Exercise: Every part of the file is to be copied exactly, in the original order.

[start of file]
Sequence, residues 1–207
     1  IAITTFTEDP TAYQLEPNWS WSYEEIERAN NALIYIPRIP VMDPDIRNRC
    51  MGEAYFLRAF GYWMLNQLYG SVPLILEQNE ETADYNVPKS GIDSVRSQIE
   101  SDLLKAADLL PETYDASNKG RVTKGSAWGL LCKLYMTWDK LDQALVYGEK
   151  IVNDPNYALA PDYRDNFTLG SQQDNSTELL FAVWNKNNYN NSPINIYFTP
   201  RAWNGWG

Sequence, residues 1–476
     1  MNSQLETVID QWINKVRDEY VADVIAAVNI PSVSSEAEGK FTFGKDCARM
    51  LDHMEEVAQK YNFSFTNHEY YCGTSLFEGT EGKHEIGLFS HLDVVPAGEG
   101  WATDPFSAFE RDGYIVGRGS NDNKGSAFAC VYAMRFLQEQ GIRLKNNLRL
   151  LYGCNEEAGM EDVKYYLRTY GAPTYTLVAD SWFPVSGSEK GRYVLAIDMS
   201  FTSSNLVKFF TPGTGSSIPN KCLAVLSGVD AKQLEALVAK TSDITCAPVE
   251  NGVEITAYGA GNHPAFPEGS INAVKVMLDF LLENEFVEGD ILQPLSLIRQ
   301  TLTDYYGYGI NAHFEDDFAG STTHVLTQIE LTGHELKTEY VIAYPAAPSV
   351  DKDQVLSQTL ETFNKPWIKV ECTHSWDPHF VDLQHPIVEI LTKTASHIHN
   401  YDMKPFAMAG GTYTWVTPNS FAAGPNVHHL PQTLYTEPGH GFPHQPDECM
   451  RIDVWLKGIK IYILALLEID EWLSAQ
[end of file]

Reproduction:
Sequence, residues 1–207
     1  IAITTFTEDP TAYQLEPNWS WSYEEIERAN NALIYIPRIP VMDPDIRNRC
    51  MGEAYFLRAF GYWMLNQLYG SVPLILEQNE ETADYNVPKS GIDSVRSQIE
   101  SDLLKAADLL PETYDASNKG RVTKGSAWGL LCKLYMTWDK LDQALVYGEK
   151  IVNDPNYALA PDYRDNFTLG SQQDNSTELL FAVWNKNNYN NSPINIYFTP
   201  RAWNGWG

Sequence, residues 1–476
     1  MNSQLETVID QWINKVRDEY VADVIAAVNI PSVSSEAEGK FTFGKDCARM
    51  LDHMEEVAQK YNFSFTNHEY YCGTSLFEGT EGKHEIGLFS HLDVVPAGEG
   101  WATDPFSAFE RDGYIVGRGS NDNKGSAFAC VYAMRFLQEQ GIRLKNNLRL
   151  LYGCNEEAGM EDVKYYLRTY GAPTYTLVAD SWFPVSGSEK GRYVLAIDMS
   201  FTSSNLVKFF TPGTGSSIPN KCLAVLSGVD AKQLEALVAK TSDITCAPVE
   251  NGVEITAYGA GNHPAFPEGS INAVKVMLDF LLENEFVEGD ILQPLSLIRQ
   301  TLTDYYGYGI NAHFEDDFAG STTHVLTQIE LTGHELKTEY VIAYPAAPSV
   351  DKDQVLSQTL ETFNKPWIKV ECTHSWDPHF VDLQHPIVEI LTKTASHIHN
   401  YDMKPFAMAG GTYTWVTPNS FAAGPNVHHL PQTLYTEPGH GFPHQPDECM
   451  RIDVWLKGIK IYILALLEID EWLSAQ